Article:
Seasonal trends point to higher volatility
Spotting seasonal trends can be very useful in analyzing financial markets. They can tell us what has happened over the course of many years, and what may potentially occur again over the same period of the year. The past is not necessarily a guide to future trends, but historical data can be extremely beneficial.
Empirical research shows that stock markets have a tendency to underperform through the middle part of the year. The “sell in May and go away” motto does have some validity. In turn, volatility tends to increase which means safe haven currencies like the yen and the Swiss franc generally tend to outperform. One way to measure volatility, the VIX index is often called “Wall Street’s fear gauge”. This tends to see its largest monthly rise of the year in August and remains elevated through to the Autumn months. Sure enough, the VIX has climbed by 50% to almost reach the 25 mark, while the futures contracts for US equities point to another day of declines on Wall Street at Thursday’s open.
The current state of play in markets sees competing forces battling with each other as we head into high summer. Questions are being asked as to whether we have hit “peak growth” with US expectations recently being marked down. The spread of the Delta variant, across Asia especially, has seen new social restrictions in China.
Meanwhile, speculation around the US Federal Reserve’s exit from emergency stimulus measures is heating up. The world’s most powerful central bank is edging closer to a decision on slowing its quantitative easing asset purchase program. Will that provoke another “taper tantrum”? Certainly, the narrow leadership in the recent US stock market gains makes the market more prone to a correction.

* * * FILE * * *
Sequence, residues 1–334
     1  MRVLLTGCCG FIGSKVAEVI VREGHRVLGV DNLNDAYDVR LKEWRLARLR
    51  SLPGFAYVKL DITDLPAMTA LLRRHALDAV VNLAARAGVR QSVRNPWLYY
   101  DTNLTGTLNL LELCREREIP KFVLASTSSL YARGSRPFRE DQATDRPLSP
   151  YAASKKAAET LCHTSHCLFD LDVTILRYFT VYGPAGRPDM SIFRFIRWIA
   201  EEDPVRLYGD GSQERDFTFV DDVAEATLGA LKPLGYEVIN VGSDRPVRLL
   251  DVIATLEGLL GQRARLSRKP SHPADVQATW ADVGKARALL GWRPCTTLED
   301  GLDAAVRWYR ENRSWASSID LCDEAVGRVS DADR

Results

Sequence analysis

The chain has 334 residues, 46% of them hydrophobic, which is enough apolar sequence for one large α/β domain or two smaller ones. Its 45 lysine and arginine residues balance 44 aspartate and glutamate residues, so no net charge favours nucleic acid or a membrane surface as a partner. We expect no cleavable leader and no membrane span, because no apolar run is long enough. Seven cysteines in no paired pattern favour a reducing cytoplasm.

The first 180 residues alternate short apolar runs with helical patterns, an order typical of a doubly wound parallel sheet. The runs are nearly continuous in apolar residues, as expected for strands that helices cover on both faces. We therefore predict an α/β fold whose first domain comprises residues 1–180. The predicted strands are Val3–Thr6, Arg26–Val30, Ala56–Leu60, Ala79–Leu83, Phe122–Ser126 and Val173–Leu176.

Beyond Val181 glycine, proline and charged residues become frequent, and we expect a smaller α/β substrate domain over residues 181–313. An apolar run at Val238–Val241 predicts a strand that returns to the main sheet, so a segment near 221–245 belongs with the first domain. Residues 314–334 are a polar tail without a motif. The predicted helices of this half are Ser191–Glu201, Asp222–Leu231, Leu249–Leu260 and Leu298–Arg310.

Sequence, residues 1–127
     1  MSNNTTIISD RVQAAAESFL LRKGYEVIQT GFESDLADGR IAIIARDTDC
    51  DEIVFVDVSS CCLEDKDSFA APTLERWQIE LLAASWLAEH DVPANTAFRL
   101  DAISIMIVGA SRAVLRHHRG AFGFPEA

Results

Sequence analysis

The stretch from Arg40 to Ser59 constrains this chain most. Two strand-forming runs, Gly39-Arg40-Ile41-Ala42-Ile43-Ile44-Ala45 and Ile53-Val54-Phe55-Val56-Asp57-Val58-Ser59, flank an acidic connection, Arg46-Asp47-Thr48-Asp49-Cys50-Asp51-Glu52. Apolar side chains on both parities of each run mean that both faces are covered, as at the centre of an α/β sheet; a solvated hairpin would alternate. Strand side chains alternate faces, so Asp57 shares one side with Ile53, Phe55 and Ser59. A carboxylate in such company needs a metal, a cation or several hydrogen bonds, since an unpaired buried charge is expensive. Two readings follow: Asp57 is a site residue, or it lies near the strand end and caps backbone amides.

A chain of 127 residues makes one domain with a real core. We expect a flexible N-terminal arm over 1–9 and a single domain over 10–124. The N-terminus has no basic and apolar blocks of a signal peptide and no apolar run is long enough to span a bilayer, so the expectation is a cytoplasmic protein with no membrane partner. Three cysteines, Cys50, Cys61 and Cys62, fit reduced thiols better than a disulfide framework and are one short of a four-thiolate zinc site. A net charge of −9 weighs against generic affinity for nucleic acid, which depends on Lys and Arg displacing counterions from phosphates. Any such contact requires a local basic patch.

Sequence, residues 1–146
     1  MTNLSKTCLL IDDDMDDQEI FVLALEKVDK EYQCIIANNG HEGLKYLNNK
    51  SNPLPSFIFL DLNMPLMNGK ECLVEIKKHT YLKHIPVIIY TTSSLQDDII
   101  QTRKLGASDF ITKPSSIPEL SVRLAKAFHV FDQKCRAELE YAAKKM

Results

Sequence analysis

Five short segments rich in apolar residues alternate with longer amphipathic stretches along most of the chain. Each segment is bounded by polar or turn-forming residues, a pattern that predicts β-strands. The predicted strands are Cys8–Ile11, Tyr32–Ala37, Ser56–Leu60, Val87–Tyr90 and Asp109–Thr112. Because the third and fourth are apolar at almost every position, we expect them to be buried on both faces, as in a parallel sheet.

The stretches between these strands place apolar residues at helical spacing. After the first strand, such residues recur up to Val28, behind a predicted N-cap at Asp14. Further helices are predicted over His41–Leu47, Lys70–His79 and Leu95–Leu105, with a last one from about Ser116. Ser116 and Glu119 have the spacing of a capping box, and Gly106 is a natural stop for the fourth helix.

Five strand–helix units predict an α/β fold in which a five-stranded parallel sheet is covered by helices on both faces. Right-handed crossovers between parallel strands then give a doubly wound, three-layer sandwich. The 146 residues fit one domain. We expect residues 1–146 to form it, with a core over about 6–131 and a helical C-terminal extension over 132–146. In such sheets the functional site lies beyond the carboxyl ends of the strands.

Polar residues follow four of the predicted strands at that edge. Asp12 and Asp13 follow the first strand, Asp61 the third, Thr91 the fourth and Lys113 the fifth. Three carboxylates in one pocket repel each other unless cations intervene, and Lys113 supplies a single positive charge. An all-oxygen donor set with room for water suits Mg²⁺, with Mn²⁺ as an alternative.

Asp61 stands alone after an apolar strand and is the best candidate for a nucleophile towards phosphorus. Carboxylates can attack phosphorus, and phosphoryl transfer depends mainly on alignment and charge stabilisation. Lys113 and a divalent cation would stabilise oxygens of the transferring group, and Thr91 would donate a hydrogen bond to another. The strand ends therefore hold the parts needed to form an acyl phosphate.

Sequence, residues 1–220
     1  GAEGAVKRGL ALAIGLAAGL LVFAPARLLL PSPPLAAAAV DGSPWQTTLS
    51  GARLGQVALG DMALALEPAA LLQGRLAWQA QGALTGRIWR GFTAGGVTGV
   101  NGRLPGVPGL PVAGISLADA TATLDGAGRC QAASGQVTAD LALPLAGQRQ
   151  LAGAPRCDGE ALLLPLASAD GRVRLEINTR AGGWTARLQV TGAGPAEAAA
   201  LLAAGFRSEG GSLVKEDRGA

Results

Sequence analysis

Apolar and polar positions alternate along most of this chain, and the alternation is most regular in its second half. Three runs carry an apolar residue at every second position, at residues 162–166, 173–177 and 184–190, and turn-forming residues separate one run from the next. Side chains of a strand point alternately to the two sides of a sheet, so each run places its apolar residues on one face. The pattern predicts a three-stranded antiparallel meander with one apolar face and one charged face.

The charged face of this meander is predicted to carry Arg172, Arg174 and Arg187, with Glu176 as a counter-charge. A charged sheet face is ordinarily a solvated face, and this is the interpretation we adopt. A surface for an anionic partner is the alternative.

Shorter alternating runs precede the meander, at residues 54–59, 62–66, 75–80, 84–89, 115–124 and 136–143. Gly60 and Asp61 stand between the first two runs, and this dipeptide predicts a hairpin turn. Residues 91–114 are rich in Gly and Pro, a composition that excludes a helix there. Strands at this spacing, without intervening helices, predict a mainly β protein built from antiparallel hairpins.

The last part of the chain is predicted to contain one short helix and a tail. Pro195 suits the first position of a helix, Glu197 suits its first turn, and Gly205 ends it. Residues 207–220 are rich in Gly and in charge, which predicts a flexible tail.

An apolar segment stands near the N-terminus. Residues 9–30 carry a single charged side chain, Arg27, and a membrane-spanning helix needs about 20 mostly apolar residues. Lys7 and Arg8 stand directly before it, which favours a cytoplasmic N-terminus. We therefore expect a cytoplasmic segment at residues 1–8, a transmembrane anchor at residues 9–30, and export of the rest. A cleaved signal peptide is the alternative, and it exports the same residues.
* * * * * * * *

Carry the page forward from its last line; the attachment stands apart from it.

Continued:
For FX markets, we have already seen strength in those two safe haven currencies over the last month. With recent Chinese regulatory actions spooking markets, we may yet see heightened market volatility in equity markets going forward. Interestingly, the yen is now at its strongest (negative) correlation with the S&P500 in over a year which suggests a possible sustained bout of appreciation if the seasonals we have highlighted play out.
Oil has been another asset which has suffered a bumpy ride recently too. Having regained its poise into the end of July, Brent oil futures have tumbled by almost 12% so far in August. The key concern for the market remains the spread of the Delta variant in China and the tougher mobility restrictions that have been imposed in some regions. Asian vaccination rates remain relatively low so how this situation evolves in the near term will have a big say on oil demand. Recent economic data out of China, the world’s largest crude importer, is also showing signs of slowing.
Earlier this month, Saudi Arabia released their official selling prices for September loadings. These were increased as widely expected and comes at a time when OPEC+ members are gradually increasing output. This does suggest that the Saudis have some confidence that demand will be present to take up this additional crude oil.